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Hydrofluorocarbons Limitation

Volume 495: debated on Tuesday 30 June 2009

Motion for leave to introduce a Bill (Standing Order No. 23)

I beg to move,

That leave be given to bring in a Bill to make provision for limiting the use of hydrofluorocarbons in certain premises; and for connected purposes.

This Bill will end the use of hydrofluorocarbons—HFCs—in the refrigeration units of large supermarkets. I seek to introduce it because urgent action is needed to end the devastating impact of HFCs on global warming, and because supermarkets are responsible for more than half of all HFC emissions.

Before I set out my case, I must stress that I do not seek to impose additional financial burdens on small retailers, which we all recognise as small, corner convenience stores. I should expect smaller retailers to be required to introduce equipment that does not add to global warming when their old units need to be replaced. There are already many environmentally friendly alternatives for smaller supermarkets, and they generally use different refrigeration technology from the larger stores. Small stores tend to use what is called “plug and play equipment”, which does not involve large centralised systems, is often much less likely to leak and increasingly uses low-global-warming alternatives, such as hydrocarbons, which also offer improved energy efficiency. Those alternative carbon-based systems are neither more expensive to purchase nor more expensive to run.

The Bill seeks to deal with emissions from larger stores. Hydrofluorocarbons, are part of a group of gases known as F gases. F gases, according to Greenpeace, can be up to 20,000 times more harmful in terms of global warming than carbon dioxide. HFCs were introduced into widespread use under the Montreal protocol in the 1990s to replace chlorofluorocarbons—CFCs—and end the depletion of the ozone layer that their widespread use caused. HFCs do not harm the ozone layer, but they are powerful global warming gases.

In 2005, stationary refrigeration was the biggest source of F gas emissions in the UK, accounting for almost 27 per cent. within the sector. HFC emissions from supermarkets account for more than half the total emissions, and direct emissions from leaking refrigerant gases can account for up to one third of a supermarket chain’s carbon footprint. The phasing out of HFC use in the supermarket sector by 2015 has the potential to save 175 million tonnes of carbon dioxide equivalent between now and 2050, which is more than one quarter of the UK’s current annual greenhouse gas emissions.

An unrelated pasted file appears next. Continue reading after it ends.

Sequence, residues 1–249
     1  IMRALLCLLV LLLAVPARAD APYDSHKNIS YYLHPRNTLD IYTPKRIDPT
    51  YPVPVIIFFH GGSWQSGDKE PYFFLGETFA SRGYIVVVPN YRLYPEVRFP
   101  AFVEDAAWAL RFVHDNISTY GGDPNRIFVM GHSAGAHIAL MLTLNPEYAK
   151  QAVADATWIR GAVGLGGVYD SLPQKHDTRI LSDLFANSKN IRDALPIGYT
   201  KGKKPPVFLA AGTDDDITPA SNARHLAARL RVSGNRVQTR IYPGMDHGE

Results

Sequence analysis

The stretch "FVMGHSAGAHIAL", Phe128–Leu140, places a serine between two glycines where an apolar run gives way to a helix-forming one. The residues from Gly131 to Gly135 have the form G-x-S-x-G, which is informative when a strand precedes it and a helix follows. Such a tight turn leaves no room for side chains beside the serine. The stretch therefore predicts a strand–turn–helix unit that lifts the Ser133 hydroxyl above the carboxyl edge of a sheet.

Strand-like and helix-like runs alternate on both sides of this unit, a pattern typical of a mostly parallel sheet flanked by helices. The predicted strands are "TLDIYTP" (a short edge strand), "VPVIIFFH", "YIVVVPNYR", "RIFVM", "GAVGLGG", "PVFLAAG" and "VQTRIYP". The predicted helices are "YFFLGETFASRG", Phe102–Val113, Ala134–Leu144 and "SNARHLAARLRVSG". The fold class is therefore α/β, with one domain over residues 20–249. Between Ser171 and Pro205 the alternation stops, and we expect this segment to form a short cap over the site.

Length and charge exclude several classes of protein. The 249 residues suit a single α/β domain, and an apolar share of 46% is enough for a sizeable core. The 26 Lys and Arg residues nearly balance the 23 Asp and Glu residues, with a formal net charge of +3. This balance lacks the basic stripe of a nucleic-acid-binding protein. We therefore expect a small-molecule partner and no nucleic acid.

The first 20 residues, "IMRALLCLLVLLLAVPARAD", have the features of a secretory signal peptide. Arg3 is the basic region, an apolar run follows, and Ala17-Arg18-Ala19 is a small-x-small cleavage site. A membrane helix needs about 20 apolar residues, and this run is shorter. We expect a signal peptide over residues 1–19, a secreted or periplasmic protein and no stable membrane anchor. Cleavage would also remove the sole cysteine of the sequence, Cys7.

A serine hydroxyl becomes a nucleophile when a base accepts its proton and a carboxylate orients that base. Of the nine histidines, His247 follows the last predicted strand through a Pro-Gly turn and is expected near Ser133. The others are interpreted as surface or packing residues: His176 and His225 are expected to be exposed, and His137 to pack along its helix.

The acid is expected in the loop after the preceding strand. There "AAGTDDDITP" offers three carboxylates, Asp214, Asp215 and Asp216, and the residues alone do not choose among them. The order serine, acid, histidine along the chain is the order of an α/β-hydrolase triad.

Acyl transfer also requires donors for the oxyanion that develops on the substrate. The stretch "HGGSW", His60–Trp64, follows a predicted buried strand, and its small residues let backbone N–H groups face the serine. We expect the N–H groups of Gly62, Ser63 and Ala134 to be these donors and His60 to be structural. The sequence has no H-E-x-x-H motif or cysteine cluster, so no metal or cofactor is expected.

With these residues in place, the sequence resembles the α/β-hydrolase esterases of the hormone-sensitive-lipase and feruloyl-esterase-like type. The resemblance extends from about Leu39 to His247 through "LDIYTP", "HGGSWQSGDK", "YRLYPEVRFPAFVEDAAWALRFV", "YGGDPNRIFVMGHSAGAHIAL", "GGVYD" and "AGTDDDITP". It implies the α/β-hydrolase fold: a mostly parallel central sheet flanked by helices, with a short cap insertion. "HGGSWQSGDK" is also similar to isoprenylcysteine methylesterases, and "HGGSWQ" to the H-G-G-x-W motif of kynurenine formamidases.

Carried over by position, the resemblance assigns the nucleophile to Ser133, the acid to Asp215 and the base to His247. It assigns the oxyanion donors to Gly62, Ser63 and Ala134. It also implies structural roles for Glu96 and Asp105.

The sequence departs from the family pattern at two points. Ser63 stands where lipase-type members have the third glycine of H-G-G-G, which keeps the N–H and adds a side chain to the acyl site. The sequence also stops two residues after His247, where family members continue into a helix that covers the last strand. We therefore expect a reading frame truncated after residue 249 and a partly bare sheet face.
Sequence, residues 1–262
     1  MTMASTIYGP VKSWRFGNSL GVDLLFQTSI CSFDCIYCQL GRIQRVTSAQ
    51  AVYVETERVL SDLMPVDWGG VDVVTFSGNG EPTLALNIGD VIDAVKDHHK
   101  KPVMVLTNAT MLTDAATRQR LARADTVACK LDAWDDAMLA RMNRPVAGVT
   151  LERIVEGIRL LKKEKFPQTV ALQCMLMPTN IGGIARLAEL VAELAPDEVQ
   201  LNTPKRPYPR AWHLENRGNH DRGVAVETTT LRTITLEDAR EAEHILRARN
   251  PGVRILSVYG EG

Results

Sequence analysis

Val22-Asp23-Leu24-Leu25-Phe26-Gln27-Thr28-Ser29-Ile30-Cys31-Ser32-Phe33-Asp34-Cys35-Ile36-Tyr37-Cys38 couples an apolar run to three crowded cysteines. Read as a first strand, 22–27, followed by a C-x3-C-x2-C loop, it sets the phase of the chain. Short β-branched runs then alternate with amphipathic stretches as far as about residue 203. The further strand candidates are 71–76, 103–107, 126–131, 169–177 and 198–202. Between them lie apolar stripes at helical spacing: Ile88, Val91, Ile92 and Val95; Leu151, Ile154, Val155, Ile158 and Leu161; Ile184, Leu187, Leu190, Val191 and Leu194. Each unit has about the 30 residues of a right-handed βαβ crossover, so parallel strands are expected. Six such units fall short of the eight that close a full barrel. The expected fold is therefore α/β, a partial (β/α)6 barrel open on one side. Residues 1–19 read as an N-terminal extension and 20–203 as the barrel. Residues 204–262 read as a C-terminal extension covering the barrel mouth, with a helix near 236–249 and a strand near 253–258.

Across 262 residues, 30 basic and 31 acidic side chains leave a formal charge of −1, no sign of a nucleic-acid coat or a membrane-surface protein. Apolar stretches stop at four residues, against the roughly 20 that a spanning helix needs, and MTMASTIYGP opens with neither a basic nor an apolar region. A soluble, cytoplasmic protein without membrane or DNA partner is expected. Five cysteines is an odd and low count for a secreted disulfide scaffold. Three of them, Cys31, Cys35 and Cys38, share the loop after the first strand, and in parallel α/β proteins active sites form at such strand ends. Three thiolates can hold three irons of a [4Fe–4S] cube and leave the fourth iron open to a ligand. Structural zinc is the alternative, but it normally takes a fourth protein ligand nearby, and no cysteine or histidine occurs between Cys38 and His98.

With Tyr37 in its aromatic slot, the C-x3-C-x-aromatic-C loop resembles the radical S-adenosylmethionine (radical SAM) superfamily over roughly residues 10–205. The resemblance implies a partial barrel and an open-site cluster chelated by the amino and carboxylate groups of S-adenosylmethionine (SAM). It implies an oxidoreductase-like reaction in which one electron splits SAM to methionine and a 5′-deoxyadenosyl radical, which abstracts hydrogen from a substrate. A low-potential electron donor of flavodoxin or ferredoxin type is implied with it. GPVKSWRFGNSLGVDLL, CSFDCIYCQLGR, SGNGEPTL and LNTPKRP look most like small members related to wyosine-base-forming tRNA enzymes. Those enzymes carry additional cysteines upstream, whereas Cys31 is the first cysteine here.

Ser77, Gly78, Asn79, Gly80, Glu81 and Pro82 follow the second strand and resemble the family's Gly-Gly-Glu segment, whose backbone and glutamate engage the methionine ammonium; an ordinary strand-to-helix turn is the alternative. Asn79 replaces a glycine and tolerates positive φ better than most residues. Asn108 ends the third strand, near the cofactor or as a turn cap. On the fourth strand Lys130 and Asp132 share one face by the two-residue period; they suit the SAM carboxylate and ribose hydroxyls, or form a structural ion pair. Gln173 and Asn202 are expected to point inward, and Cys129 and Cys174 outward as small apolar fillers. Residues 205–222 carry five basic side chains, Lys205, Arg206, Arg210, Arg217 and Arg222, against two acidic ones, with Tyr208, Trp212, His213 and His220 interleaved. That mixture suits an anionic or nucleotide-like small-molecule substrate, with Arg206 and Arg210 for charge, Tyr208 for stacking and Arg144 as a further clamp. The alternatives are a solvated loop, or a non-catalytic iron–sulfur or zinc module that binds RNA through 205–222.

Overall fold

In 2005, the amount of HFC emissions leaking from supermarket refrigeration was estimated to be equivalent to 2 million tonnes of carbon dioxide. To put that into perspective, I should say that that equates to one person flying in a plane from London to New York more than 2.5 million times; to the production of 10 billion plastic bags; to one billion car trips to the supermarket over an average distance of 7.5 miles; to the annual carbon foot print of 200,000 people; or, to driving round the circumference of the earth 300,000 times—if that were possible.

The issue of HFC emissions by supermarkets was highlighted in a report called “Chilling Facts” from the Environmental Investigation Agency earlier this year, and I commend the agency for its work to highlight this important issue. The report confirmed that supermarkets are the biggest source of HFCs in the UK. It investigated the progress that had been made by supermarkets that signed up in 2007 to reducing emissions of HFCs, and the agency asked 11 of the large high street supermarkets what they were doing to reduce the climate change impacts of their refrigeration. The results did not make for encouraging reading. The best-performing supermarket had succeeded in introducing climate-friendly refrigerants in only three out of 620 stores. For others, the figure was four out of 1,700 stores, and for one supermarket, it was one out of 2,250 stores.